exclude=php-common php-cli php mysql* httpd* mod_ssl*

  7. Type y if this message appears:

    CONFIG_TEXT: warning: rpmts_HdrFromFdno: Header V3 DSA/SHA1 Signature, key ID 5072e1f5: NOKEY
    Retrieving key from file:///etc/pki/rpm-gpg/RPM-GPG-KEY-mysql
    Importing GPG key 0x5072E1F5:
    Userid : MySQL Release Engineering <>
    Package: mysql57-community-release-el6-7.noarch (@/mysql57-community-release-el6-7.noarch)
    From : /etc/pki/rpm-gpg/RPM-GPG-KEY-mysql
    Is this ok [y/N]:

  8. Start MySQL service:

    # service mysqld start

    If the service does not start, check the following article: MySQL fails to start: mysql.user table is damaged

  9. Upgrade MySQL databases:

    # MYSQL_PWD=`cat /etc/psa/.psa.shadow` mysql_upgrade -uadmin

For CentOS 7:

CentOS 7 basically shipped with MariaDB. MariaDB 10.x version is a drop-in replacement for MySQL 5.5-5.7.

  1. Backup all databases with the following command:

    # MYSQL_PWD=`cat /etc/psa/.psa.shadow` mysqldump -uadmin --all-databases > /tmp/all-database.sql

  2. Copy the databases directory in a separate folder like this (for backup purposes also):

    # cp -a /var/lib/mysql/ /var/lib/mysql.bak

  3. Stop MariaDB service:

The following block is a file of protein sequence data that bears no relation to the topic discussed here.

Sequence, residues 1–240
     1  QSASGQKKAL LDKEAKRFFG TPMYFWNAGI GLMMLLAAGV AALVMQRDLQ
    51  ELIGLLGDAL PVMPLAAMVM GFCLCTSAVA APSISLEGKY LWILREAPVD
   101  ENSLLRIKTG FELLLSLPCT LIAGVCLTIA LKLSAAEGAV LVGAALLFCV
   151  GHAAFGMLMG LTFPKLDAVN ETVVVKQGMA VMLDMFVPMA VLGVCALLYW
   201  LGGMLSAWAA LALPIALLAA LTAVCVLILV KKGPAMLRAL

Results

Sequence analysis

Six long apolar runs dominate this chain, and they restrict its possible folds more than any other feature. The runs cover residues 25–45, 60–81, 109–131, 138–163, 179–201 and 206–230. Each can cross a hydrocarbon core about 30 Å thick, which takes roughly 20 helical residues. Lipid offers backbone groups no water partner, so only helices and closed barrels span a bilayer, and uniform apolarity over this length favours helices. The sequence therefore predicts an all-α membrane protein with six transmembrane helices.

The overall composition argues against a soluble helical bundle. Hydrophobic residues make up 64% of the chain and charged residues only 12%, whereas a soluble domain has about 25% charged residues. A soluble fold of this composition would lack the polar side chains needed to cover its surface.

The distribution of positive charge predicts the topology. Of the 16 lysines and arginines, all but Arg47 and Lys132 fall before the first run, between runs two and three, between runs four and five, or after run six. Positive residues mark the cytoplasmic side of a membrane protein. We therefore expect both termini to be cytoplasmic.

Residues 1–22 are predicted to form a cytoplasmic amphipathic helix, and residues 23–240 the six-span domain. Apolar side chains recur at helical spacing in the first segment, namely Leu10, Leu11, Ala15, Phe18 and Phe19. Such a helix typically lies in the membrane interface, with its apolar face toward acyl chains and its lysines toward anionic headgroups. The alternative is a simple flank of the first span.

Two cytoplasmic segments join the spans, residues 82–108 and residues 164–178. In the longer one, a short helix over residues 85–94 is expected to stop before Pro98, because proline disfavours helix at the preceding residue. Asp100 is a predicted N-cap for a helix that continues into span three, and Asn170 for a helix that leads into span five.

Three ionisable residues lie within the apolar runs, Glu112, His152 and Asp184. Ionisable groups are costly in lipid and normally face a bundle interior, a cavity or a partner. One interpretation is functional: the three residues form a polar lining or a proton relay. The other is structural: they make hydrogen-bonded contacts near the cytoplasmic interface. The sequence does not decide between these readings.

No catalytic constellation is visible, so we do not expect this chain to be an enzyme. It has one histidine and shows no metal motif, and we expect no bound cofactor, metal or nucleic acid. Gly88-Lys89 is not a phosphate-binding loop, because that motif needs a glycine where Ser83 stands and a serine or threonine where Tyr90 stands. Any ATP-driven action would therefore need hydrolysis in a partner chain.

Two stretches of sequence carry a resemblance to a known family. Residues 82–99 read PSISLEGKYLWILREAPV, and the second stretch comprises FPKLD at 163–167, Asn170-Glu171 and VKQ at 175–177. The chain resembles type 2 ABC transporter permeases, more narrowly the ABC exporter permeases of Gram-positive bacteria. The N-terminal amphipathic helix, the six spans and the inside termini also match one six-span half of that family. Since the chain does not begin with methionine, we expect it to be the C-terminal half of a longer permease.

# service mariadb stop

  4. Add MariaDB repository:

    # vi /etc/yum.repos.d/MariaDB10.repo
    # MariaDB 10.1 CentOS repository list - created 2016-01-18 09:58 UTC

    name = MariaDB
    baseurl =

  5. Perform an upgrade with

    # yum install mariadb

  6. Start MariaDB service:

    # service mysql start

  7. Execute this command to update package version inside Plesk:

    # plesk sbin packagemng -sdf

    Note: After upgrade to 10.2 version, there may appear 'mysql' init script. We recommend removing it:

    # rm -f /etc/init.d/mysql
    # systemctl daemon-reload

For Debian 8

Debian 8 basically shipped with MariaDB. MariaDB 10.x version is a drop-in replacement for MySQL 5.5/5.6/5.7

Please, backup all existing databases using this KB article How to backup/restore a Plesk database dump? and follow instructions on MariaDB site to update it:

Execute this command to update package version inside Plesk:

# plesk sbin packagemng -sdf

Additional information

The following KB articles may be useful:

Unable to access Application Vault

Can't connect to local MySQL server throug socket

Have more questions? Submit a request


  • 0
    Artur Beqiraj

    i have centos 7 end plesk Onyx end i need to have mariaDB 10.0.27 is possible ?

    Is there any way to get this version?


  • 0
    Alexandr Tumanov

    Hello @Artur Beqiraj

    We recommend upgrading to MariaDB 10.1 at least. There is no significant difference, however, it will be easier to install MariaDB 10.1 or 10.2

  • 0
    Artur Beqiraj